A few weeks ago I received the last components of my dual Xeon 5500 configuration for Multiverse and I have been working on a framework for doing microbenchmarks. This framework has produced some nice diagrams that provide a lot of insight.
One of the things I wanted to see is how well the system scales with and without contention. The graph below shows the result of a benchmark for various levels of contention for updating a counter stored in the stm:
The slowest one is one with contended shared state: all threads share the same counter The blue one is a bit better because each thread gets his own counter. The green one is the same as the blue one but instead of using instrumentation, the classes are ‘instrumented’ manually. And the last graph where each counter is placed in his own stm.
The big questions are:
- why is the performance difference between manual and real instrumentation so big. It can be partially explained by not having to access expensive fields like volatile (for the global stm) and threadlocals (current transaction)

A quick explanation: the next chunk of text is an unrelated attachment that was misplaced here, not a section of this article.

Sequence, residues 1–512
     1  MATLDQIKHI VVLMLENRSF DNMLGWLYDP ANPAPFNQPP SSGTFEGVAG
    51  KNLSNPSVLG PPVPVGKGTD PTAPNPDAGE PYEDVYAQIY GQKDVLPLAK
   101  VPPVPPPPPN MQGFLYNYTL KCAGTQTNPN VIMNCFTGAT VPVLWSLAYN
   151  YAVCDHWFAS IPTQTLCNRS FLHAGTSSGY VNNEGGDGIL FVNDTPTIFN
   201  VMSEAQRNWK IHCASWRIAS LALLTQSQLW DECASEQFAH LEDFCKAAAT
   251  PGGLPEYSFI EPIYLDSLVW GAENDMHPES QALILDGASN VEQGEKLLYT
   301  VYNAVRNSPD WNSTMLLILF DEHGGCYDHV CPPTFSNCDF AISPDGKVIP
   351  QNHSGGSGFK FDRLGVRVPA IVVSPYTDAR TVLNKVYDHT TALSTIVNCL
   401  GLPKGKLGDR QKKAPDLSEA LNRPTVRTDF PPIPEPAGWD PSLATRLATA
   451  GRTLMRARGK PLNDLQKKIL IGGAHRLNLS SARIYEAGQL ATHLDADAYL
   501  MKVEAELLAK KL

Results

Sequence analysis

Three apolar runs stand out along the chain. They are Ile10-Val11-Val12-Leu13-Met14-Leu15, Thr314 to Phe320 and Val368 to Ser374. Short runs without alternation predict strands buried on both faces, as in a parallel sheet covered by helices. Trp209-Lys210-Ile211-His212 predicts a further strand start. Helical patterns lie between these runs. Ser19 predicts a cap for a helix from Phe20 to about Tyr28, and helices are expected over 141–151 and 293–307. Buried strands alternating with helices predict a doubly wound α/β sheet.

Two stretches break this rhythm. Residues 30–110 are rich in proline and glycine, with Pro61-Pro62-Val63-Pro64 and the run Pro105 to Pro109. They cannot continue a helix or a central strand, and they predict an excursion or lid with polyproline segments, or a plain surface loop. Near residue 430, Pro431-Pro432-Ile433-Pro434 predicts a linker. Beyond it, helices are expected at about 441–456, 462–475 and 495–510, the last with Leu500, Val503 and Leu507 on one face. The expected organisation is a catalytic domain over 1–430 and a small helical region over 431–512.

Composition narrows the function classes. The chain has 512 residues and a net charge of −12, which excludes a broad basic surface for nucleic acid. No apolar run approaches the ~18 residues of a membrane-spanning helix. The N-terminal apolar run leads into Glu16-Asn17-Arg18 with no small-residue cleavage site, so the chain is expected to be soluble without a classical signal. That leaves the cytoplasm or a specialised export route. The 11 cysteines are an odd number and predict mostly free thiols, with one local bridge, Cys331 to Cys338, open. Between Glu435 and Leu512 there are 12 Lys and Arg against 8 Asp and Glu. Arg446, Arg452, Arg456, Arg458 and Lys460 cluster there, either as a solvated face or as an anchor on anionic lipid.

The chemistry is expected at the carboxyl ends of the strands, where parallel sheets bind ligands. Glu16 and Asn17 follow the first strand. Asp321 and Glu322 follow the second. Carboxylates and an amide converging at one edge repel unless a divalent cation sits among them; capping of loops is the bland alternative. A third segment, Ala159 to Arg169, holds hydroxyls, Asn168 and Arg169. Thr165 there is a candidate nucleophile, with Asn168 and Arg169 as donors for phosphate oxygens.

- why does the system scale so bad when transactions don’t share state, only the stm. The only point of contention is the shared logical clock (an AtomicLong). So I would expect a more linear growth.
So a lot of hard questions to answer.
The benchmark framework is going to be integrated with the Continuous integration server so we have a continuous feedback on performance. One of the features that needs to be added is trend analysis, but since the data already is there, this should not be a difficult requirement to implement.
It appears that statics were still activated on the non manual instrumented version. Statistics cause a lot of cas updates.
As you can see the difference between the manual and the automatic ones has decreased. So that partially solves the first question.